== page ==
It is interesting to note that the women in the Order conducted their own business in these matters, every bit as much as their husbands did â€“ a woman would request, say, a pantry cupboard, and would negotiate its price to be paid from the value of her baking, sewing, or laundry services, and with milk and eggs from the animals she tended. It was this freedom that allowed Ned to adjust his food supply until it was of a quality he could tolerate. Sometimes, though, satisfactory agreements still could not be made. At one point, he wrote: â€œI have been cooking my own bread, & have also been making my own pies, as I found that I had to pay too much to women who were trying to earn more by the hour than I did myself. They are all infernally greedy.â€
This greed, or the perception of it, eventually led to the dissolution of the Order. Before that point was reached, however, the community attempted a compromise between the pure United Order and complete free enterprise. While still acting as the Orderâ€™s carpenter, for instance, Ned acted as a small-time peddler, specializing in sewing notions and academic supplies such as writing paper and colored inks. (His diary, incidentally, is a kaleidoscope of his wares â€“ it is written in purple and blue and green and pink and brown and gold and red.) He imported multiple copies of small art prints and story-filled magazines, which he sold to women eager to brighten their homes and to young people hungry for vicarious adventure. These items were paid for in an eclectic mix of cash, eggs, personal services, postage stamps, and IOUs.
Although I think he would have gruffly denied it, Ned seems to have been fond of his neighborâ€™s children. His accounts, always figured to the penny, very often recorded disbursements of nickels and dimes to children. Sometimes the gifts would be to unnamed children, but with a frequency that surprises me, he often named them. He knew who they were, and who their parents were.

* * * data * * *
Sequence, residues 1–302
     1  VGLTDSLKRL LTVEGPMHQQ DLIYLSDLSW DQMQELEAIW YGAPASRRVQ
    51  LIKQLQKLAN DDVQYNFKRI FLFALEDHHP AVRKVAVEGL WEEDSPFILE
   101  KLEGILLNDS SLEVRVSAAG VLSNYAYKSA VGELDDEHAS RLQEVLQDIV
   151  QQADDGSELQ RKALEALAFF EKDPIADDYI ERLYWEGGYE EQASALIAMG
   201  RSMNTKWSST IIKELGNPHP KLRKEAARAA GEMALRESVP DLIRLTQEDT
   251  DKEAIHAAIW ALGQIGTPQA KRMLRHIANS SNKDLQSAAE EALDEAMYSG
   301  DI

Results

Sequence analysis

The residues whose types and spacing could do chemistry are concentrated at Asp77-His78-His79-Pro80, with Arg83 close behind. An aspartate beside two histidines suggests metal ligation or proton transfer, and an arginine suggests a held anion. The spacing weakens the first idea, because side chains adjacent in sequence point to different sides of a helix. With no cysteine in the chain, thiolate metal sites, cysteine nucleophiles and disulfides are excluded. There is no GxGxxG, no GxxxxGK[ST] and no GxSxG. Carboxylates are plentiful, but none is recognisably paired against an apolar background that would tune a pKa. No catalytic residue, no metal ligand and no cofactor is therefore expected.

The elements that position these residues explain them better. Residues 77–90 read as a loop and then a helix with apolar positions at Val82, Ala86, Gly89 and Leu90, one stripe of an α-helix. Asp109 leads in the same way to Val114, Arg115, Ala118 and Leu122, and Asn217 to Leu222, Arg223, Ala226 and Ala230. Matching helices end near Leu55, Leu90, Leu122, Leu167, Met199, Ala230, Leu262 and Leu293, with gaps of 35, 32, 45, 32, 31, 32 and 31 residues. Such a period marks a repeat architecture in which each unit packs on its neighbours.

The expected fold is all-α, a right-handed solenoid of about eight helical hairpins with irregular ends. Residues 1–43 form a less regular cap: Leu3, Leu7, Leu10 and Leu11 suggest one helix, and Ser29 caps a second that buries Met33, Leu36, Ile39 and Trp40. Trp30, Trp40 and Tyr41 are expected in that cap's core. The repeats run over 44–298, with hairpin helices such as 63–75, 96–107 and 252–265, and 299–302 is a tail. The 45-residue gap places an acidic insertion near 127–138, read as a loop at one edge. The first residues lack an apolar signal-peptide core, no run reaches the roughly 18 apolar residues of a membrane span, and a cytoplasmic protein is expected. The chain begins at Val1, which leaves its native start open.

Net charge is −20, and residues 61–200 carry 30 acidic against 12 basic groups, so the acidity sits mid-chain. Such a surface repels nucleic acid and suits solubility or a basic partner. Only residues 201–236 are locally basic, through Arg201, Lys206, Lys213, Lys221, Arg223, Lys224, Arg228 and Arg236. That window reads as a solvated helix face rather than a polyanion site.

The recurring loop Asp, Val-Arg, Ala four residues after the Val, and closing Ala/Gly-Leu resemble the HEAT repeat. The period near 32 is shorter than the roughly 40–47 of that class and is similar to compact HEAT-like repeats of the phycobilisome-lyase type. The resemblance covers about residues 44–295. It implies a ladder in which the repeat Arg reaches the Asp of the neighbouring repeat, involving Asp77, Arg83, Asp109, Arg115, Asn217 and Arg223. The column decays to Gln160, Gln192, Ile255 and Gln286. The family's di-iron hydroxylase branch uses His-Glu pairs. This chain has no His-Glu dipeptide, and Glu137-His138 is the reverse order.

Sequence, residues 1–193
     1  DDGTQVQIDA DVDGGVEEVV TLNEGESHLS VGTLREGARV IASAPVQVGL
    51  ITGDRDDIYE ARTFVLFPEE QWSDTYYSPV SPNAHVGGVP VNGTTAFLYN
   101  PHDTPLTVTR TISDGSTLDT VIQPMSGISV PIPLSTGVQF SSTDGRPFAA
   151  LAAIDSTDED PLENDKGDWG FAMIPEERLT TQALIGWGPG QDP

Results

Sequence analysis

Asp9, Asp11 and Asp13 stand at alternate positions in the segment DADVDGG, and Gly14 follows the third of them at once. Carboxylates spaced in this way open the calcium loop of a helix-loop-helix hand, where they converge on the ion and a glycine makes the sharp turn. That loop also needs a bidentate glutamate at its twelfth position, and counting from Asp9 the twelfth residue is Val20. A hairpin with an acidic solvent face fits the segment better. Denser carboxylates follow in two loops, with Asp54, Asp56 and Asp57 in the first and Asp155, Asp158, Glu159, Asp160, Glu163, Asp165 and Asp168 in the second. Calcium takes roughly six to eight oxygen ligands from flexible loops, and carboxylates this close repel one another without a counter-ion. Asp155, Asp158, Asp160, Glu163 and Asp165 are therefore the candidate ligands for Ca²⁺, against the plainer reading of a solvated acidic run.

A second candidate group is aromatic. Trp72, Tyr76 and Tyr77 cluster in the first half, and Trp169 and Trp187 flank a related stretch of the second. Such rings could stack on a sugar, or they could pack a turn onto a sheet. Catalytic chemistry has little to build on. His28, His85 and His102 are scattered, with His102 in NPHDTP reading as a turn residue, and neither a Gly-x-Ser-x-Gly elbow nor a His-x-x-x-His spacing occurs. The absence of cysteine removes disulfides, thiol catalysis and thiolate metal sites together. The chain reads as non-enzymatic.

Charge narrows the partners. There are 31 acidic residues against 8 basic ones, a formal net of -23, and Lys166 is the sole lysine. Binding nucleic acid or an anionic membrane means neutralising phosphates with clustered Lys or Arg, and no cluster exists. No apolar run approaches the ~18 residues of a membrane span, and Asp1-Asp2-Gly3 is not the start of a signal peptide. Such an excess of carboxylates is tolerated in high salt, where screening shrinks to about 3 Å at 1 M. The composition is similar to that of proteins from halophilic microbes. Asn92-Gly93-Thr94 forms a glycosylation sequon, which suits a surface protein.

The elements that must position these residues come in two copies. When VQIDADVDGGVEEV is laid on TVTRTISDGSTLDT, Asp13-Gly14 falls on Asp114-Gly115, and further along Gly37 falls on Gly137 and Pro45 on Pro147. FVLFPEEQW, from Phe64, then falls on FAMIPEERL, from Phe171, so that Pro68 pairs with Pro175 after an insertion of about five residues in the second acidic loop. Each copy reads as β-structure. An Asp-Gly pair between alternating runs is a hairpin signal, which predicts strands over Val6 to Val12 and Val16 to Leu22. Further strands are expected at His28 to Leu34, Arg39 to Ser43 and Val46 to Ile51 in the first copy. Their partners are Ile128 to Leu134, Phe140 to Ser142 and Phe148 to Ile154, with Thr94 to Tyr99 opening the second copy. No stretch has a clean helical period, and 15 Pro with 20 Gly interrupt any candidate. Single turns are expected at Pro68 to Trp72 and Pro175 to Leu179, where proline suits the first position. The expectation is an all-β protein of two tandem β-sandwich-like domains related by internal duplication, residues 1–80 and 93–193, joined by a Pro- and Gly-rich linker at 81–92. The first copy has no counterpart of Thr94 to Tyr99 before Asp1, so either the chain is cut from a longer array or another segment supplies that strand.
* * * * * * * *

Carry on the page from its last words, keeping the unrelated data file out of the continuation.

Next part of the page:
And while he was sure his neighbors thought of him as â€œa queer old crankâ€ and that they even perhaps feared him, I donâ€™t think this was true for the children. Frightened children would not have approached him for candy money, nor would they have visited him as often as they did: â€œYesterday two little boys … came in to get some blocks.â€ And: â€œTwo of Straw[â€™s] little boys came into the shop this morning & asked me a little piece of lumber and the use of some tools to mend a boyâ€™s waggon. I let them have it, but they staid so long in the shop that I got mad.â€ And: â€œSister Morrill asked me to let Ada have a sheet of paper for three eggs. I let her have five sheets. Emma came in also in the afternoon & gave me three eggs for some more paper. I gave her four sheets. It is worth more than the eggs but as I do not recollect the price I let them have more out of good will & kindness.â€
Sometimes, too, Ned was hired by the parents to build items for their children: â€œI made a doll bedstead for Ephraim[â€™s] little girl & am to be paid one dollar for it.â€
These incidents suggest that children in the United Order had toys, had free time, and even had some tiny economic participation.
(To be continued)